11.4.1. Overview for APQC


afni_proc.py allows researchers to specify their desired steps and options for FMRI processing. The program is designed to be flexible, relatively compact, and to help researchers organize their processing. It is easy to share with others and to modify as processing needs demand it. It builds a processing script based on the user’s options, which is commented and can be checked/read/studied/etc. Several convenience features are taken care of automatically, such as concatenating transforms (e.g., within EPI for motion correction, EPI-> anat, anat -> standard space).

Additionally, afni_proc.py tries to help researchers check their processed data. For example, many intermediate data sets are kept, and several helper scripts are made to show users their data:

  • @ss_review_basic

    show basic QC measures (e.g., max motion, number of censored time points, TSNR), in text

  • @ss_review_driver

    a script that includes: * “driving” the AFNI GUI to show users their data interactively; * opening up 1dplots to look at motion, censoring, etc.; * showing warning message from processing in the terminal. ... and all of that is commented (!).

  • @ss_review_html (new!)

    a command that is automatically run at the end of afni_proc.py processing to make an HTML document full of images+quantities showing information from the processing (combining data from @ss_review_basic and @ss_review_driver with other stuff, too).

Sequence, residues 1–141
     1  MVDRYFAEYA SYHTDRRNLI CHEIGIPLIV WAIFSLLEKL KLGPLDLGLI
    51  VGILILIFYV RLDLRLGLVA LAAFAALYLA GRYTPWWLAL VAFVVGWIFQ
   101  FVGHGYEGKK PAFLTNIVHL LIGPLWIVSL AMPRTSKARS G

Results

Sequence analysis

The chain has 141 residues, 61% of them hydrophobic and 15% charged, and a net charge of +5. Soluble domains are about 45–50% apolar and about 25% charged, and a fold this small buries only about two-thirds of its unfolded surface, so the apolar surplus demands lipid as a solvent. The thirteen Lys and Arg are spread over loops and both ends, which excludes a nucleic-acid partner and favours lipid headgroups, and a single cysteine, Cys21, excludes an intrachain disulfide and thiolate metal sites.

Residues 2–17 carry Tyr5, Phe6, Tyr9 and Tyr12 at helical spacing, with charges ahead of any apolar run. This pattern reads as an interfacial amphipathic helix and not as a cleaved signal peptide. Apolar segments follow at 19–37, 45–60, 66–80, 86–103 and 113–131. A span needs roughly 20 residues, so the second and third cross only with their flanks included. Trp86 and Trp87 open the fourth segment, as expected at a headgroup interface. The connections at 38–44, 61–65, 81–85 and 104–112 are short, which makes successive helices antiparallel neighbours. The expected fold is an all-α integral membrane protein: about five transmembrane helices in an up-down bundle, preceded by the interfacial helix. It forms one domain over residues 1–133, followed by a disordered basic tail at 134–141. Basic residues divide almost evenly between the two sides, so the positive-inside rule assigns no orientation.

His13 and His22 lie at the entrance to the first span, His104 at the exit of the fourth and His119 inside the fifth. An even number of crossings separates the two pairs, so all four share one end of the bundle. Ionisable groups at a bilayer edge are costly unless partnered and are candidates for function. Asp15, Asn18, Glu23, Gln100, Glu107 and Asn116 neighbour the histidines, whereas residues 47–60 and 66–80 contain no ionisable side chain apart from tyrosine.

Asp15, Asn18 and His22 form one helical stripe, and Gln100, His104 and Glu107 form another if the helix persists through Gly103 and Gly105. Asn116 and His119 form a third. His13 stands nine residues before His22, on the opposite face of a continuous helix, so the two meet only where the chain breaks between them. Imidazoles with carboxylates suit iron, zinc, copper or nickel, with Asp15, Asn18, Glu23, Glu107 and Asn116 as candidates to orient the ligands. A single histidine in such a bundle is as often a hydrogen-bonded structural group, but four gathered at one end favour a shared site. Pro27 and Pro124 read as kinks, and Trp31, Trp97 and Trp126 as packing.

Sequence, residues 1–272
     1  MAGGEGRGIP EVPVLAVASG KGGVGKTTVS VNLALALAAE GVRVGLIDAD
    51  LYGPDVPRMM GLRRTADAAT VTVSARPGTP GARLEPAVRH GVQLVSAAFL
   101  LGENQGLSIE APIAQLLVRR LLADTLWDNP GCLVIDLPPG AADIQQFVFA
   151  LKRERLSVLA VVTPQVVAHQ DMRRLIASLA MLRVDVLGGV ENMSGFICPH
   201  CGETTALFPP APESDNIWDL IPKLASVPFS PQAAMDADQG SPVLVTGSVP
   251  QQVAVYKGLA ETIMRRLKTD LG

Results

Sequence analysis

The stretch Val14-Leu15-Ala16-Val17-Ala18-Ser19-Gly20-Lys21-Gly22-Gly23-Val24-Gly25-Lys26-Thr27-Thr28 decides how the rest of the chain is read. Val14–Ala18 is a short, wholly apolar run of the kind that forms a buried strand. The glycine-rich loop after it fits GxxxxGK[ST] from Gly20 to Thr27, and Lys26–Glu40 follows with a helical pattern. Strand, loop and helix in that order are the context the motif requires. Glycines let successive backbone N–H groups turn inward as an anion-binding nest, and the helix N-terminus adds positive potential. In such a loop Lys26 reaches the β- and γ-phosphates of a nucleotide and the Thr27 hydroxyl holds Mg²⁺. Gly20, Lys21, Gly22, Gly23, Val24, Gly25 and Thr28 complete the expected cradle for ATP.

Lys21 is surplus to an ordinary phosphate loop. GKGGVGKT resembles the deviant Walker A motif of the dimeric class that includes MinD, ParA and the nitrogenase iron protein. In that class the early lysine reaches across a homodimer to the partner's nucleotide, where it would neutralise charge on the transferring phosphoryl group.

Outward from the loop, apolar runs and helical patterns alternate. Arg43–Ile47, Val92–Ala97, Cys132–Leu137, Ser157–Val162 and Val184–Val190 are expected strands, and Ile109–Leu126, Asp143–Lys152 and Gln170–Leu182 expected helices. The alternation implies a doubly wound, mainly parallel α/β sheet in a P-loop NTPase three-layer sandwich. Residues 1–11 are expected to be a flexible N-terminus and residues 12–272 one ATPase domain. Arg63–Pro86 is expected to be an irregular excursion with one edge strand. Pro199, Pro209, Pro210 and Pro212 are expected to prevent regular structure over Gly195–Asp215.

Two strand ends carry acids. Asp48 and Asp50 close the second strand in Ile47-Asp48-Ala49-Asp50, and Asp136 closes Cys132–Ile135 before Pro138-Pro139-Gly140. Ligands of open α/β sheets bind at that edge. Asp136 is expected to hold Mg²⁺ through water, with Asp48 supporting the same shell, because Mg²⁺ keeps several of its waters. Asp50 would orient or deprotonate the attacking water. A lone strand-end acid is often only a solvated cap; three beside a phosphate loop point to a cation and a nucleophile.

Here, describe the usage of the third QC output: the HTML form of APQC.

Background: what afni_proc.py does

The modern AFNI’s afni_proc.py includes the following option:

-html_review_style STYLE : specify generation method for HTML review

        e.g.     -html_review_style pythonic
        default: -html_review_style basic

where STYLE can be one of the following values:

none     : no HTML review pages
basic    : static - time graph images generated by 1dplot
pythonic : static - time graph images generated in python

By default, afni_proc.py will implement the basic form of the review style. Therefore, with no intervention by the user, an HTML doc of QC information will be generated whenever processing your FMRI data.

A related, but slightly prettier, form of QC review is generated with the pythonic option. The only cost is that the user must have Python (version 2.7 or higher) and the matplotlib module. Because this pythonic form of QC review is also slightly more informative, we will just focus on this form here.

With the HTML review style flagged, afni_proc.py will include something like the following few commands after it has finished processing data sets:

# generate html ss review pages
# (akin to static images from running @ss_review_driver)
apqc_make_tcsh.py -review_style pythonic -subj_dir . \
    -uvar_json out.ss_review_uvars.json
tcsh @ss_review_html
apqc_make_html.py -qc_dir QC_$subj

where $subj holds the name of your subject in the processing script. Again, you, Dear Reader, don’t have to do anything with these commands– they will be executed on your behalf automatically. But if you ever want to rerun them, here they be.

After those commands are executed, you will be prompted to finally take action, as afni_proc.py shows you something like the following to open up the freshly created HTML QC doc:

afni_open -b $subj.results/QC_$subj/index.html